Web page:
Business

Some ‘tough’ times ahead

But the world is not falling apart, says Canada’s new central banker

March 5 2001
Business

Some ‘tough’ times ahead

But the world is not falling apart, says Canada’s new central banker

March 5 2001

Some ‘tough’ times ahead

Business

But the world is not falling apart, says Canada’s new central banker

New Bank of Canada governor David Dodge is the first outsider to lead the central bank. At the end of his third week in the job, Dodge, 57, talked with National Public Policy Correspondent Mary Janigan in Ottawa. Excerpts:

Maclean's: How is Canada’s economy?

Dodge: Most of the conditions which normally tip you into a recession are not there. Credit markets are functioning well. Incomes are higher. Federal and provincial tax cuts are working their way through the economy. What we would expect is that the first quarter or maybe the first two quarters will show a pretty sharp adjustment process. But we would be through it by the summer and back on a reasonable growth trajectory. There is going to be, especially in some parts of the country, six months or so of tough adjustment. But this is not going to be something widespread and prolonged, where all of a sudden the world is falling apart.

Macleans: Why has it happened so fasti Dodge: This is the new element in 2001 that wasn’t there in 1991. In a just-in-time world, the impact of slowing sales gets translated into factory production much faster than it did even 10 years ago. What we think that means is that normal adjustments will take place more sharply—but we will get through that adjustment more rapidly as well. Flow people react is less knowable. The risk is Canadian consumers and businesses will get caught up in this negative psychology. Macleans: How do you see the U.S. economyi Dodge: They did get more stresses and strains. But the real danger is that the American consumer will get spooked—and U.S. consumption has been a major drive for the world. What one has to hope is that the actions of the U.S. Federal Reserve and hopefully words of the U.S. administration will not create an atmosphere where everybody gets worried— because objectively there are not the worrisome conditions. Macleans: What about Nortel’s steep divei Dodge: What has happened is that, all of a sudden, the telecoms adjusted down what they had to invest—so planned purchases got deferred. That’s a very small segment of the economy—but it’s a marquee sector. So it’s understandable that people say, ‘Holy smokes, if Nortel, one of our leading corporations, is having trouble, everything else is in trouble.’ That is absolutely not the case. More generally worrisome is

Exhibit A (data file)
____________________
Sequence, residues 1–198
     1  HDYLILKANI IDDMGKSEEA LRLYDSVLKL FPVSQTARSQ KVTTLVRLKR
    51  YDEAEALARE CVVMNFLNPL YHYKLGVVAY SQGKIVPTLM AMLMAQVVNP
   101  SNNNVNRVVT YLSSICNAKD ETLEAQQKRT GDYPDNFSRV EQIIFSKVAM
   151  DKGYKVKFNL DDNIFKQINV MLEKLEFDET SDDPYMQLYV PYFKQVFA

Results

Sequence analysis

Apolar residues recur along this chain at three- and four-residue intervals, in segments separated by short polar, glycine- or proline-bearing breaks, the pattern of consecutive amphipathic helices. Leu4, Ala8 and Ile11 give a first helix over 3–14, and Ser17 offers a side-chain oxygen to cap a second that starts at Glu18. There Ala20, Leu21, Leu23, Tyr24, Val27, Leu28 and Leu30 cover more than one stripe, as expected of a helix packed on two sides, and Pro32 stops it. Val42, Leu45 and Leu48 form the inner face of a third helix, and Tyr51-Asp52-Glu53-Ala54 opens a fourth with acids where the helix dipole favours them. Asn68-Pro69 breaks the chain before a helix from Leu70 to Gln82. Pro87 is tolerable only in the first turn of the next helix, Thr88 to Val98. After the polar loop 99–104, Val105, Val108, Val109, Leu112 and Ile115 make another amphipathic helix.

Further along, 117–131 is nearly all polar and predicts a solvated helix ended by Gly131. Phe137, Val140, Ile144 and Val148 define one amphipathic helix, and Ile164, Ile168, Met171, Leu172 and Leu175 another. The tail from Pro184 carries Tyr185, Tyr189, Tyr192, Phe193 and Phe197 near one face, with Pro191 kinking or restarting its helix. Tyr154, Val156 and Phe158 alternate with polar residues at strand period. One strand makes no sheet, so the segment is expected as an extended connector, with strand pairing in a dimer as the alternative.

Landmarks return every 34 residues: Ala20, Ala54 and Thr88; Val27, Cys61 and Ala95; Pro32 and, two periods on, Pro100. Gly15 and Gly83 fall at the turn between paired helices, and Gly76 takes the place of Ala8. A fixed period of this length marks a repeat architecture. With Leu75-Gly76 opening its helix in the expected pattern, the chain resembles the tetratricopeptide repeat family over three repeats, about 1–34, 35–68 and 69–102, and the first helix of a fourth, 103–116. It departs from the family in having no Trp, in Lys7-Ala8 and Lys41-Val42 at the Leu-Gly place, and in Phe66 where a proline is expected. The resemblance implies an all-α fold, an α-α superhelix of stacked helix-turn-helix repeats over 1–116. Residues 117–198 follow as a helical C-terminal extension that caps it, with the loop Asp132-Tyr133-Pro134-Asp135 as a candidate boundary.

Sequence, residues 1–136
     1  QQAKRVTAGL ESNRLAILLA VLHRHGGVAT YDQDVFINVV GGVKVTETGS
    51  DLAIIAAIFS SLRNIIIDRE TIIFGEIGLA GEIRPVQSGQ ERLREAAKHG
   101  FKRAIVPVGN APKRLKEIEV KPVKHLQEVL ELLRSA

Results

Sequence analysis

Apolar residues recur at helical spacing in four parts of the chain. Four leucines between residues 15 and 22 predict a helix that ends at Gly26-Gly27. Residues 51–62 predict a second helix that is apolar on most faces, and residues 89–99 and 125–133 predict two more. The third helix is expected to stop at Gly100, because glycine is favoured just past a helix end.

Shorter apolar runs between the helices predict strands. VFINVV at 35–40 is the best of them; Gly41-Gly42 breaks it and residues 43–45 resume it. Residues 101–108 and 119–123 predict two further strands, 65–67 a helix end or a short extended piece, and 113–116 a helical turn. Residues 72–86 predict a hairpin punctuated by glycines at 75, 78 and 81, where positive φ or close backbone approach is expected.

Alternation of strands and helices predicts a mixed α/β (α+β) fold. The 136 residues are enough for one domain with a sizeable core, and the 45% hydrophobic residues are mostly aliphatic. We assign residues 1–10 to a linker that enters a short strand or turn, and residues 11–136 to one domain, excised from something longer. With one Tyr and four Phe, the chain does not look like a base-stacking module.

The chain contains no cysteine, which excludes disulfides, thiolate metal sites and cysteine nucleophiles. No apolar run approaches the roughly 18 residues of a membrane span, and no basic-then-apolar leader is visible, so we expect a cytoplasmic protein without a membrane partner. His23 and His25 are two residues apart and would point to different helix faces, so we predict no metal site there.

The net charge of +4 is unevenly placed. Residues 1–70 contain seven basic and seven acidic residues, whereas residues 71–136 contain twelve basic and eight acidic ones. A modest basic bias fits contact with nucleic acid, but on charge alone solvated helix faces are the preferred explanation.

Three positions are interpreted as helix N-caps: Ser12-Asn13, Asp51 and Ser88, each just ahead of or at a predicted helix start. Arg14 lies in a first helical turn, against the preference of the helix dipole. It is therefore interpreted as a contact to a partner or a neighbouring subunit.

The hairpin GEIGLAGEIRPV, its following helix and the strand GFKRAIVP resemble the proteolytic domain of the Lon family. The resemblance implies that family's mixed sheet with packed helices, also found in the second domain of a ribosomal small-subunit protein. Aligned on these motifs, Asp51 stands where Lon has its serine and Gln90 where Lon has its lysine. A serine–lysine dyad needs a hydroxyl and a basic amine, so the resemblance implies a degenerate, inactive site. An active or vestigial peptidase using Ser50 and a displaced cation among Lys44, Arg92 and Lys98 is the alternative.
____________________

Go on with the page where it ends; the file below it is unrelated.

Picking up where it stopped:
the automobile sector where the Big Three North American firms have very sizable inventories and where higher gasoline prices cast some doubt on the sale of trucks and SUVs. Maclean’s: Why is it important that people understand the bank’s inflation policyi

Dodge: With inflation targeting, you can pretty much tell the direction in which we are going. That’s very new. That wasn’t true in the 1970s or 1980s. People made all sorts of mistakes: borrowing too much money, making investments at the top of the cycle. Had you anticipated in 1987, as inflation moved up, that the bank was going to really tighten up, you wouldn’t have done some things which got you into real trouble. And we wouldn’t have had to have gone through the wrenching downturn we went through.

Macleans: Should you increase the current inflation target of one to three per cent when it expires at the end of this yeari Should you extend its three-year cyclei Dodge: We have all been operating now for six years on the basis that inflation will be two per cent or a little less. If all of a sudden I tell you it’s going to be three per cent, you would say, “The grounding is gone.” Our track has worked well— and there are very good reasons to stay roughly on it. It might be a good time to run an agreement over a longer period, to provide more certainty. There are some technical issues— especially if we are extending it for a five-year period. Macleans: Could we be through the downturn before any rate changes you might make on March 6 have an impacti Dodge: That is precisely the issue. If we were seeing real problems in credit markets, we would know we have got a lot of tightness. But we don’t see the sorts of problems that would cause us to be desperate about taking an action. Our view is we will be on a more sustainable path in 12 or 18 months. So it’s a very, very tricky judgment call for us. El